It’s been a decade of “new” for our Nebraska Cornhuskers. A new conference, new arena, new practice facilities, and two new head coaches. Through all the new the Huskers experienced this past decade, players we have seen come and go and their contributions to the team are forever recorded in the books of Husker lore. So with that in mind, we here at Corn Nation are going to be breaking down our top ten players and wins from the past decade as the 2010’s draw to a close, as well as the top five worst moments. First up in our countdown is the top ten players of the 2010’s, starting with #10 on our list, and moving all the way through to #6.
As for the criteria we used, it was a mix of a player’s impact on the roster, their place in the annals of Nebrasketball history, and to a lesser degree, we consider their success after Nebraska in terms of being drafted and career longevity.
Tune in tomorrow for numbers 1-5, Saturday for worst moments, and next week for top ten wins! In the meantime, let’s get to our list.
10. Ryan Anderson, 2006-2010
6’-4”, 195 lbs., G, Seattle, Washington (Rainier Beach)
Just squeaking in this decade is former guard Ryan Anderson off the 2009-10 squad (and a Husker from 2006-2010). Ryan led the team his senior year in scoring, rebounds, and steals. He shot 43% from three point range, and 45% from the field. Overall he averaged 11.3 points per game, 5.3 rebounds, and 1.7 steals. He also did this while playing out of position just about his entire career at the 4 spot.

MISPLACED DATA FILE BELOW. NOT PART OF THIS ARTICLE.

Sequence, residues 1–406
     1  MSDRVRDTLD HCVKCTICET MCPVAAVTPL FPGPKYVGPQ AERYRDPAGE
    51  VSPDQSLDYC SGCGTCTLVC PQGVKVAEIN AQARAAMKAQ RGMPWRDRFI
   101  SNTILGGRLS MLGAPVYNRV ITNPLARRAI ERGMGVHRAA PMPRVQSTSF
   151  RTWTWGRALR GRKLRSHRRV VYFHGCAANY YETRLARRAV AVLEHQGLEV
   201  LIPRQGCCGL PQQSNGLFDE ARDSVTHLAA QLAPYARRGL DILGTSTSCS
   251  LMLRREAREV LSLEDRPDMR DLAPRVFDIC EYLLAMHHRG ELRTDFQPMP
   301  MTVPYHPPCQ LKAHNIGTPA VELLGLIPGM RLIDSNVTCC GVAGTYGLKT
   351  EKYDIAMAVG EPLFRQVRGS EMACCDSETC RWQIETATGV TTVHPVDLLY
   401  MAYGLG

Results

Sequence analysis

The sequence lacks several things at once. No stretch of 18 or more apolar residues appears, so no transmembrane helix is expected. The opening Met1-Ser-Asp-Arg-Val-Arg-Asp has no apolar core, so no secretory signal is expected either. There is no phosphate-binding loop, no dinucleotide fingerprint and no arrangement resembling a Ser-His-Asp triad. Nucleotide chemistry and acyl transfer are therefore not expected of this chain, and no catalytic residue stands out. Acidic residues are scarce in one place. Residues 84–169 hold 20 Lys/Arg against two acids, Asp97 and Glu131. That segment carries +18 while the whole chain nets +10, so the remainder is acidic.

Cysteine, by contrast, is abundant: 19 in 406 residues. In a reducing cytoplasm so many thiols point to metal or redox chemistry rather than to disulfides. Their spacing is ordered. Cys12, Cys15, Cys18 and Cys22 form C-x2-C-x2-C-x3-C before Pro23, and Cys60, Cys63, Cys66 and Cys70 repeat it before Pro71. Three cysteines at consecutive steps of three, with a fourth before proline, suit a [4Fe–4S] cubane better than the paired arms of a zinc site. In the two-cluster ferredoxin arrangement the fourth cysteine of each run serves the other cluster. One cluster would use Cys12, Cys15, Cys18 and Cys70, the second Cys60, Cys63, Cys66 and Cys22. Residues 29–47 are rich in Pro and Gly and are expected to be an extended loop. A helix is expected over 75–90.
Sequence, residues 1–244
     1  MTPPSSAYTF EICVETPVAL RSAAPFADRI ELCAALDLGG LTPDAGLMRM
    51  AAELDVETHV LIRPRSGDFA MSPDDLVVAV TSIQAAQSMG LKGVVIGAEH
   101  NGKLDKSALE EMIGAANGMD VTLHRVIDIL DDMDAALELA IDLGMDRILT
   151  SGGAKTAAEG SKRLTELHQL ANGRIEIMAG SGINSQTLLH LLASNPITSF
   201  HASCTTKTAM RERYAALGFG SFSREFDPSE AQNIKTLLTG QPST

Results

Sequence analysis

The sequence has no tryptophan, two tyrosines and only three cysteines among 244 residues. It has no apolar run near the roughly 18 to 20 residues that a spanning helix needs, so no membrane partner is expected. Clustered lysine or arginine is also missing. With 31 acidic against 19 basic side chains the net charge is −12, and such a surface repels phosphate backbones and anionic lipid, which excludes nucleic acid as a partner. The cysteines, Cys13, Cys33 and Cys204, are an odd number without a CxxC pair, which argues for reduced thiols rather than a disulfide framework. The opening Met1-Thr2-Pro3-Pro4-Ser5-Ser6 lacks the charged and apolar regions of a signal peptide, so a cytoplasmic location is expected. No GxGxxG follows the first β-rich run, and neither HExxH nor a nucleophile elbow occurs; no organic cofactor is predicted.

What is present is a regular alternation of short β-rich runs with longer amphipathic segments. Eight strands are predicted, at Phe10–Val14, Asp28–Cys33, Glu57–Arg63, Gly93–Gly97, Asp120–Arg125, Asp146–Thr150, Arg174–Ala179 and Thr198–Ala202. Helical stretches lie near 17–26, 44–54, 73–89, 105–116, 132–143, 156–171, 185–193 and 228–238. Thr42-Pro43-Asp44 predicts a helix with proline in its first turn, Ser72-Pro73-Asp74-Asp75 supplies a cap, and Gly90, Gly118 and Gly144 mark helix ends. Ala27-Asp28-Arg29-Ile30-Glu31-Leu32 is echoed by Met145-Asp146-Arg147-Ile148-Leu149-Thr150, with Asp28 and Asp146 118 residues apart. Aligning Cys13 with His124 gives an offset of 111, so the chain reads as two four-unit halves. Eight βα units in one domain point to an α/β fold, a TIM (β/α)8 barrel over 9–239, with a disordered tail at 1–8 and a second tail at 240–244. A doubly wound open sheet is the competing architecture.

Anderson sits at number 27 all-time in scoring for Nebraska, and ranks third in made 3-pointers at Nebraska with 185. He also ranks in the top ten for 3-point percentage, steals, and games started. He further ranks in the program’s top twenty-five all time for points, rebounds, assists, and games played. Finally, he was on the Big-12 All-Underrated team as a senior, and was the first Husker in the Big 12 era to record 1,000 points, 500 rebounds, and 150 three-pointers in a career. Ryan has played in Europe, the NBA D-League, and currently remains an active professional player in Canada with the Niagara River Lions.
9. Brandon Ubel
6’-10”, 234 lbs., F, Overland Park, Kansas (Blue Valley West)
Brandon Ubel arrived at Nebraska in the fall of 2009 when it was still a Big XII institution, and would find out after his first season in Husker scarlet that he would finish his career as a member of a Big Ten team. Ubel would also later experience a coaching change going into his senior season, and helped close out the final season in the Bob Devaney Center after 37 years of Husker basketball there. In addition, Brandon was a two-time Academic All-Big Ten honoree, a 2011 First-Team Academic All-Big 12 member, and made the spring 2013 Nebraska Scholar-Athlete Honor Roll. He was also the co-captain of the team his senior year.
All through his time in the Husker uniform, Brandon contributed solid minutes for Nebraska, finishing his career with 89 starts in 125 games. Ubel scored 893 career points and 548 rebounds, averaging 7.1 points and 4.4 rebounds a game. At the time of his graduation, Ubel was 36th all-time in scoring for Nebraska and 20th in rebounding. He finished seventh all-time in games played, and fifth in free-throw percentage with a career of 80.2% shooting from the charity stripe. He finished his senior year with 22 games in double-figures, and had four double-doubles that season. He played professionally in Europe until the end of the 2017-2018 season.
8. Cam Mack
6’-3”, 165 lbs., G, Austin, Texas (Christian Life Prep)